Temptation. Lent. Life. Love

Cycle A  |  Lent  |  Week  1

– By Fr Ugo Ikwuka
Archway, London


That humankind would be handed over to evil because the First Man and First Woman ate an apple or some sort of fruit certainly seems like an overreaction by God. But there’s more to that temptation than meets the eye. Notice that the Devil did not tell them that the fruit tasted better than those of the other trees, nor did Adam and Eve eat the fruit because they were hungry. They were rather told that if they ate this fruit, they would be like God. In other words, they would have no need of God. The Original Sin is thus this tendency of man to push God aside; to become lord instead of creature. And it is the beginning of man’s problems.

Writing for the majority judgment in the 1992 US Supreme Court decision on Casey vs. Planned Parenthood in an abortion-related case, Justice Anthony Kennedy gave formal expression to this tendency which reflects the opinion of contemporary culture. He submits: “At the heart of liberty is the right to define one’s concept of existence, of meaning, of the universe, of the mystery of human life.” In other words, individual freedom completely overcomes objective value and becomes in itself the indisputable criterion of right and wrong. Yet, if there is anything we misuse, it is our freedom with resultant anarchy or, at best, a survival of the fittest situation.

Like Adam and Eve in this Sunday’s First Reading, Jesus is tempted in the Gospel passage. Fortunately for us, he overcame. Moreover, his ultimate victory over sin and death is our victory. We can therefore cling to this and find strength to face our own trials. So, what lessons can we draw from the experience of Jesus? First of all, notice the Devil’s approach; how he first applies psychology to plant a seed of doubt in his target’s mind.

Twice he dares Jesus: “If you are indeed the Son of God, then do this and that”. That was the same mind game he played on Eve, asking her: “Did God actually say you should not eat of the fruit of this tree….” Before she knew it, she began to have second thoughts on what she was previously convinced about. Be careful therefore when people start questioning your convictions, especially your faith. The devil might be at work.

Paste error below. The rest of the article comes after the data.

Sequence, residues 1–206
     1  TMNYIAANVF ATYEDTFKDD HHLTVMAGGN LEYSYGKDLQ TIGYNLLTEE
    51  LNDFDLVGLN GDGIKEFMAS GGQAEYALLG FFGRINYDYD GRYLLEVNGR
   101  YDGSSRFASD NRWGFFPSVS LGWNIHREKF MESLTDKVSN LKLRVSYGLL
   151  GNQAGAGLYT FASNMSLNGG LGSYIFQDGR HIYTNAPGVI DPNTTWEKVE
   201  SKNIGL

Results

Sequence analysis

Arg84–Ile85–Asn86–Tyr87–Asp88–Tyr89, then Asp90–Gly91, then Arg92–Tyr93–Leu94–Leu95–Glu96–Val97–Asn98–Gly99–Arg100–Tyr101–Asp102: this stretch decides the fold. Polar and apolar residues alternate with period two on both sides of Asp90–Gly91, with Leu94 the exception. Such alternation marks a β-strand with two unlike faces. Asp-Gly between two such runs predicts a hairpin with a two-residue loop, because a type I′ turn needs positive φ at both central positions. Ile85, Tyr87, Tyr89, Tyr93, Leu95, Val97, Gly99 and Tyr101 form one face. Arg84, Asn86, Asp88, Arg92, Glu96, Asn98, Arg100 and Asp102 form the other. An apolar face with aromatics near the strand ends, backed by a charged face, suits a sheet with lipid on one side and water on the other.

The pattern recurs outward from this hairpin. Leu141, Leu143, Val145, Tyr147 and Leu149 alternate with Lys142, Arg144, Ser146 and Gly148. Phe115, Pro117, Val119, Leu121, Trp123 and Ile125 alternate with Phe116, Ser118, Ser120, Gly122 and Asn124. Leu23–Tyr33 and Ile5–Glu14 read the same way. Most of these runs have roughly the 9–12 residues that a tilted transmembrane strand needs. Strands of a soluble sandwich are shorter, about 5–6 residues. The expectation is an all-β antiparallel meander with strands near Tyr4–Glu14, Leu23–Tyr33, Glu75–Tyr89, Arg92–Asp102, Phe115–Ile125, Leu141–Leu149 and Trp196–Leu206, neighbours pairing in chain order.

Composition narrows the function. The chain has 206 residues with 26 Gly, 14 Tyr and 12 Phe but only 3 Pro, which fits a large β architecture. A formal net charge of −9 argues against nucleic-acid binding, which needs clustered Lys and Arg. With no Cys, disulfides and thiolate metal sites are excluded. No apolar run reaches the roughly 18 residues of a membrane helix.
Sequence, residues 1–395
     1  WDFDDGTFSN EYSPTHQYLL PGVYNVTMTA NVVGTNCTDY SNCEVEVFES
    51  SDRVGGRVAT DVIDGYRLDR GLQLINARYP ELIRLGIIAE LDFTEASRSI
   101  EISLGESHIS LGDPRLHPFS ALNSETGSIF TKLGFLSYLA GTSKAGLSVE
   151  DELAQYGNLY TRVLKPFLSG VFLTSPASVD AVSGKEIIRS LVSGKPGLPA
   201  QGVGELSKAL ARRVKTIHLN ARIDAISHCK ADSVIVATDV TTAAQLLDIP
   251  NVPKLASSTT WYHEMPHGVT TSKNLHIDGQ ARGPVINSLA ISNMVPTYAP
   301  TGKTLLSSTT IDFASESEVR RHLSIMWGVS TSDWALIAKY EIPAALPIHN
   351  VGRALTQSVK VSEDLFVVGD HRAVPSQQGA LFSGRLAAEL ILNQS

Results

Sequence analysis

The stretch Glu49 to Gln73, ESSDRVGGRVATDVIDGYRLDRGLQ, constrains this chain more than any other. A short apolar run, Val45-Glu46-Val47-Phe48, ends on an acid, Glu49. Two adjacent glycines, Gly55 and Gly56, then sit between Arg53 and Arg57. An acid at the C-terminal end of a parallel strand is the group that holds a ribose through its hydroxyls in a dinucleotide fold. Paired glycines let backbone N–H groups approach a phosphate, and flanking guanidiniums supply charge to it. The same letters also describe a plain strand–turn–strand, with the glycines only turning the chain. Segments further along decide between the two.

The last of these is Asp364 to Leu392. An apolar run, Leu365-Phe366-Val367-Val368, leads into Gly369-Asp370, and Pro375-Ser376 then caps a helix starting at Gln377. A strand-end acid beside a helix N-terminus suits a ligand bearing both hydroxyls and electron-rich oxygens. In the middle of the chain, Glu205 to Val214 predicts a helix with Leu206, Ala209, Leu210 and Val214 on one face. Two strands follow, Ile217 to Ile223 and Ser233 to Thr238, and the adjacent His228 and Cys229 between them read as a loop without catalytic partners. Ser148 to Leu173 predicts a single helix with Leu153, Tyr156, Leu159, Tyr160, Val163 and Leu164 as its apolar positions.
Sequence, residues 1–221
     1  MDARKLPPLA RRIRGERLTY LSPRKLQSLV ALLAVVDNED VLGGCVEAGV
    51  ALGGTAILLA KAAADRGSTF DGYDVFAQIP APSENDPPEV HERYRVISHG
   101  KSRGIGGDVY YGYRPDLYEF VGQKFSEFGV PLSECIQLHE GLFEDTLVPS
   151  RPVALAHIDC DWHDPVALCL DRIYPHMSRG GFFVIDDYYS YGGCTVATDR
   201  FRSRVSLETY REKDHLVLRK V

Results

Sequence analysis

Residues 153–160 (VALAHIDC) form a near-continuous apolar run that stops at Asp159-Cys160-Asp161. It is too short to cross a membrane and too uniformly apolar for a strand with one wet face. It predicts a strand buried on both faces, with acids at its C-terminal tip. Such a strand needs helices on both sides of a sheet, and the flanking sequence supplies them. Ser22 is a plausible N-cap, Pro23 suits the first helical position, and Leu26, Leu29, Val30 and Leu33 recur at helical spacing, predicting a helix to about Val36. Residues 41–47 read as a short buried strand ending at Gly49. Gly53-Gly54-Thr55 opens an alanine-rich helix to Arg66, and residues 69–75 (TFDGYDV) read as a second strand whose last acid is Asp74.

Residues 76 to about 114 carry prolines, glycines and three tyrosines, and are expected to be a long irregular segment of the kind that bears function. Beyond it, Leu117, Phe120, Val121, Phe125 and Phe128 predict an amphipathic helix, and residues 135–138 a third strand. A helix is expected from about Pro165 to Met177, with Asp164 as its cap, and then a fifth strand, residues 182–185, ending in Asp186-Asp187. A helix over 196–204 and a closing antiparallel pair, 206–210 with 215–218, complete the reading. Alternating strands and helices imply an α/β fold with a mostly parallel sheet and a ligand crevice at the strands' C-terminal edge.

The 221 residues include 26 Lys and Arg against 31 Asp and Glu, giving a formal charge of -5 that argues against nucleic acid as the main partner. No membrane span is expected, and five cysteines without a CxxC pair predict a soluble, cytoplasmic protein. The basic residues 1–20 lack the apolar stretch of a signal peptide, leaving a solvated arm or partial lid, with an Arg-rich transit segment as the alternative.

They can even quote the Bible to support their position but do not be deceived. Even the Devil also quotes the Bible (out of context) to support his position. That is exactly the next tactic he applied for Jesus. When psychology failed, the Devil asked Jesus to jump from the tower of the temple and quoted Psalm 91: “If you have made the Lord your refuge, He will send His Angels to hold you so that you won’t strike your foot against a stone”. So, from psychology the Devil moves to spirituality.

A crucial lesson here is that not all ideas are well intended irrespective of how “spiritually” or logically they are packaged. That is how some useless and even harmful products are advertised in very attractive packages with enticing messages. Meanwhile, while God promises his providential care in the normal course of our lives, He never promises miraculous intervention when we do something stupid like jumping from a height. “God helps those who help themselves.”